Comparing the Effectiveness of Home-based and Group-Care Programs for Children and Young People: The Challenge and Path Forward

Jonathan C. Huefner, Frank Ainsworth

Research output: Contribution to journalArticle

Abstract

It is not unusual to see research studies or published opinion pieces that claim to demonstrate that home-based interventions (HBI) are more effective than group-care (GC) programs for young people with emotional and behavioral difficulties. The claim about the comparative effectiveness of HBIs in contrast to GC programs can only be true if they serve the same population of young people by age, gender, and degree of emotional and behavioral difficulties and that the outcomes for HBIs are statistically significantly better than those for GC. There is a long-standing argument between those who think that GC programs are unnecessary in comparison to those who think a mature child welfare system will always need some GC programs, albeit for a few young people with extreme difficulties. This article explores this issue in terms of how legitimate comparisons can be made between these two forms of service and how case-mix adjustment provides an established method for doing this. The purpose is to move away from ideological posturing by advocates from either side of the argument and put the debate about these forms of service and their effectiveness onto a firmer evidence base.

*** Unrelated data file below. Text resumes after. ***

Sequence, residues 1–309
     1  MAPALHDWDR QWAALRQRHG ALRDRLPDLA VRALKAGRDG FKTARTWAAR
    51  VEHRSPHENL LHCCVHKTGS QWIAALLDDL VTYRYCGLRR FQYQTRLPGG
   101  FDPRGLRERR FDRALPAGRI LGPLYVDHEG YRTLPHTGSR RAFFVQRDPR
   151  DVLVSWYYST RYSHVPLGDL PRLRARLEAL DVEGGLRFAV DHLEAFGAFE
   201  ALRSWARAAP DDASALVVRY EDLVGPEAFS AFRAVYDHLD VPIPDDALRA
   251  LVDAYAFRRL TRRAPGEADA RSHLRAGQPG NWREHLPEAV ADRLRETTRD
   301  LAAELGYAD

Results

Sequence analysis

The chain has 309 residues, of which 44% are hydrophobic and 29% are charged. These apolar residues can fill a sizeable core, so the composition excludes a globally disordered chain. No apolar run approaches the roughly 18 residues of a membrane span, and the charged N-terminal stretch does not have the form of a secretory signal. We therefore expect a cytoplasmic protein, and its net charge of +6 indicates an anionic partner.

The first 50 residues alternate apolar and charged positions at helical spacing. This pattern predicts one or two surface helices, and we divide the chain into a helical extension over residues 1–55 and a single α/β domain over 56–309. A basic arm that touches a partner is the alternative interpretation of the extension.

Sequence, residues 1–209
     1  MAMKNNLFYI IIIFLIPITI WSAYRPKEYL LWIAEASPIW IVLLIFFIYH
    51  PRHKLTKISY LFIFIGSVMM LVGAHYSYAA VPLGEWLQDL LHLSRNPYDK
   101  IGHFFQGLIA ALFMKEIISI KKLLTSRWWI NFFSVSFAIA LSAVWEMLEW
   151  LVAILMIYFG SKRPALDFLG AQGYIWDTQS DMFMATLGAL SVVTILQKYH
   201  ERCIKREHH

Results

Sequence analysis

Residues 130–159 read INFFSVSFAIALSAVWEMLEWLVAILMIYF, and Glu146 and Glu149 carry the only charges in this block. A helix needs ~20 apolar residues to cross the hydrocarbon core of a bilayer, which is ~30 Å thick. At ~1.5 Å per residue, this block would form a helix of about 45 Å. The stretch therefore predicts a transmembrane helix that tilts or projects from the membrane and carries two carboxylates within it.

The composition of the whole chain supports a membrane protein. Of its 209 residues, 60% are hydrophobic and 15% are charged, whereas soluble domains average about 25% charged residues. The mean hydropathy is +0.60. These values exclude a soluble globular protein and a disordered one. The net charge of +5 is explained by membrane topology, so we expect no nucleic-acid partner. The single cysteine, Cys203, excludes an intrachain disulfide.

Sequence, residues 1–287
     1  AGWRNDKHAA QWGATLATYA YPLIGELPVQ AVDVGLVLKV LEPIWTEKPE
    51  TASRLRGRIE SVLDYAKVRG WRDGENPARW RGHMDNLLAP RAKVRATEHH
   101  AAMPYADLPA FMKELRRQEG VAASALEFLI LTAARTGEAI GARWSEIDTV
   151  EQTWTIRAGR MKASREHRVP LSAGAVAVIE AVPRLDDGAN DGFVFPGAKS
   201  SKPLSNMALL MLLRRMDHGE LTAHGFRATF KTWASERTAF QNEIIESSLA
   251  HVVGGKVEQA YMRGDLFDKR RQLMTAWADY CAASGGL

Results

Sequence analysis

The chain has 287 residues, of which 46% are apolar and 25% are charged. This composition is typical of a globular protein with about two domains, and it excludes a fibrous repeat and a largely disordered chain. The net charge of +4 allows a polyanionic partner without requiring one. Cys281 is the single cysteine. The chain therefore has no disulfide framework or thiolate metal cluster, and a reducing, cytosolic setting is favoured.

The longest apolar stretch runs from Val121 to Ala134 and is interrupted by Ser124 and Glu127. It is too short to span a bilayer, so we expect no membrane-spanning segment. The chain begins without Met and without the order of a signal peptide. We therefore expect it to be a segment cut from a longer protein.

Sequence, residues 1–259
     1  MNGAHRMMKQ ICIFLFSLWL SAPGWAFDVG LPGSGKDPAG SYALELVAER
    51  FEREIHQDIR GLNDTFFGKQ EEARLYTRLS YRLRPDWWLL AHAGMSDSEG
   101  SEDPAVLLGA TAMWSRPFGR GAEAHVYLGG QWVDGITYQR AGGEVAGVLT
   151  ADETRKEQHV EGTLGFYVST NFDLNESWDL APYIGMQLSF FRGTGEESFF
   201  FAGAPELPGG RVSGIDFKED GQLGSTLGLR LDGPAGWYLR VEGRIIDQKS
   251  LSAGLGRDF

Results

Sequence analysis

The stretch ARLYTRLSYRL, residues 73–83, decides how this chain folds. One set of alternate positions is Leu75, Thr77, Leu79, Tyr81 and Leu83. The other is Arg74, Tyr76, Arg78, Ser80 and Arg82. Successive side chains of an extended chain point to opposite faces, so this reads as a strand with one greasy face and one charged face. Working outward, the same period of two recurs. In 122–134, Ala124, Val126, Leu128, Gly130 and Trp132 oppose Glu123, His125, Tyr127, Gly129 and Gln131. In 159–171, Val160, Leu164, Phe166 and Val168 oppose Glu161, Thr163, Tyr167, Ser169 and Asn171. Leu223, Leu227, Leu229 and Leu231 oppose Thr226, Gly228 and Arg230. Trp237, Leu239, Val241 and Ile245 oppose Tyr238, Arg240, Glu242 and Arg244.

Original languageEnglish (US)
JournalResidential Treatment for Children and Youth
DOIs
StateAccepted/In press - 2020

Keywords

  • Home-based treatment
  • case-mix adjustment
  • comparison
  • effectiveness
  • evidence-based
  • group care
  • residential care

ASJC Scopus subject areas

  • Pediatrics, Perinatology, and Child Health
  • Law

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